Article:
4: OS behavior under overload We have no way to control the load offered to an IIS system, because we have no control over the number of clients, or over their aggressiveness. While TCP flowcontrols the data transmitted over an existing connection, it provides no means to control the rate of requests for new connections, and the popular Internet information services use a new connection for each transaction. All an overloaded server can do is to reject new connection attempts, which results in disgruntled users. We want our IIS systems to handle as high a request rate as possible, but when that rate is exceeded, we do not want them to suffer from congestive collapse or

I-3

7.1: Direct control of timeouts and resources

Similar issues affect the representation of the IP routing table. In current practice, an end-host’s routing table has an entry for each destination host, rather than an entry for each “destination network.” This is done because the topology of remote parts of the Internet is opaque to the local host, and the routing table may contain path-specific information (such as maximum packet size and round-trip time). 4.2BSD represented the routing table as a hash table with linearly-searched chains, but 4.3-Reno replaced this with a tree structure. This should provide reasonable time-efficiency for both lookups and table maintenance, but may not be as space-efficient (because of the storage used for internal nodes). It may pay to aggregate entries for hosts with identical first-hop routes and path characteristics, in order to save space, although implementing this could be tricky. And, since routing table entries are “soft” state, it may pay to delete them as soon as a TCP connection enters the TIME-WAIT state, rather than waiting for the PCB record to expire.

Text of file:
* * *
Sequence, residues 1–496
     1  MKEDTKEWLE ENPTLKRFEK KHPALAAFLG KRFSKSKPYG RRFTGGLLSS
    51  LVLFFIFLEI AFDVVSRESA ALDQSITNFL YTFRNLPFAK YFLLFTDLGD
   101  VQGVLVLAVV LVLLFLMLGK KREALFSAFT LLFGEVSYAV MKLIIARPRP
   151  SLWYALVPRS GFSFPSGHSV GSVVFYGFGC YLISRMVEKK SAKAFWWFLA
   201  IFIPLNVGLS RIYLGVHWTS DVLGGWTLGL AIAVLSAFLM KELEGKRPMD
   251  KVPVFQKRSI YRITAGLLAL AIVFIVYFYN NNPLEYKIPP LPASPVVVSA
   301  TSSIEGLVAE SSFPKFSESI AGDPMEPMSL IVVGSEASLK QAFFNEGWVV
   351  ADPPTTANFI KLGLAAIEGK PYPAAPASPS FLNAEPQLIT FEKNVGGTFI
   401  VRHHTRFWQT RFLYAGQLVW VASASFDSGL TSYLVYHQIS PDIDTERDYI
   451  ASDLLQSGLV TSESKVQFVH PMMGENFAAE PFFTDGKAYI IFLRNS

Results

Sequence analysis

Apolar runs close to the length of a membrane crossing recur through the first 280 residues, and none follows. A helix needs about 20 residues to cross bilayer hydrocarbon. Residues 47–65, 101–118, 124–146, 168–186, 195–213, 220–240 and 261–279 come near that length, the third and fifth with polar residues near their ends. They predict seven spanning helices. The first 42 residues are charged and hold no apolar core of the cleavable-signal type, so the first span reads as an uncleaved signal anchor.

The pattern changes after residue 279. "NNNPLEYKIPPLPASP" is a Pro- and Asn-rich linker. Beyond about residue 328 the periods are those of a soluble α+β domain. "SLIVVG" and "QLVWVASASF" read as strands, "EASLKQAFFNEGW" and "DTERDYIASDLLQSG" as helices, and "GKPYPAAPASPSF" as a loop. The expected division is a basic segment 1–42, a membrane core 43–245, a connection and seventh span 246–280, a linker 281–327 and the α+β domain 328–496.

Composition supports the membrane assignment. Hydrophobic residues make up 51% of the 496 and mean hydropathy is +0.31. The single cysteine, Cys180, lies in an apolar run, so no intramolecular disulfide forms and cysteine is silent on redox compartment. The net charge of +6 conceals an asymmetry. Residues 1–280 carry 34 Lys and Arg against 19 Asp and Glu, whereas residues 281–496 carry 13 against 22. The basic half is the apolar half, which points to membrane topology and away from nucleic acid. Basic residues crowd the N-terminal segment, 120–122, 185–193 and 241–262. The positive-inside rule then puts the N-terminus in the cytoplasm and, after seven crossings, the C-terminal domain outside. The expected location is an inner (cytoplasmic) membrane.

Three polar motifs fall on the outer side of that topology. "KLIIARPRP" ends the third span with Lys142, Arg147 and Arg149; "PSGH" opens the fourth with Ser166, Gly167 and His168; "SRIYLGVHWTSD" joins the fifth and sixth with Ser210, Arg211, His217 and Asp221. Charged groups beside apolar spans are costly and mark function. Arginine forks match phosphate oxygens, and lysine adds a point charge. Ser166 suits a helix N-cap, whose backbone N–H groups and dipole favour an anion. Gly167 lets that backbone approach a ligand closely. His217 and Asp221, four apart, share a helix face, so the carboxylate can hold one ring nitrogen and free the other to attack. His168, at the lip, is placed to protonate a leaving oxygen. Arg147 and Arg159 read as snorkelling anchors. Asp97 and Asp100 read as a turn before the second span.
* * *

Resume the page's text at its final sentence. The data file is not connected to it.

Operating systems implementors frequently must make assumptions about how large to make a table, or how soon to timeout an operation, in order to protect kernel resources from runaway processes. They make these decisions with some understanding of what constitutes “reasonable” behavior, but sometimes this understanding is wrong. Or, a decision may have been right at first, but over a few years system parameters change enough to make it obsolete. Inevitably, someone will find a legitimate need to exceed one of these limits. Given this dilemma, an operating system implementation should allow a system manager to arbitrarily increase any quota, and increase or reduce any timeout within the limits set by protocol specifications. Wherever possible, the system should allow such changes without rebooting. The system should also count the number of times that each quota or timeout is exceeded, and make these counts available to the system manager. And, of course, all these parameters should be properly documented. No system has unlimited resources, and a system manager who has the ability to change limits also has the responsibility to live within the available means. The “cache kernel” model adopted by the V++ system [4] may ease this problem, by virtualizing as many kernel resources as possible. Even with this design it may be necessary to adjust the size of kernel resource caches, to optimize the cache-miss costs for a specific application.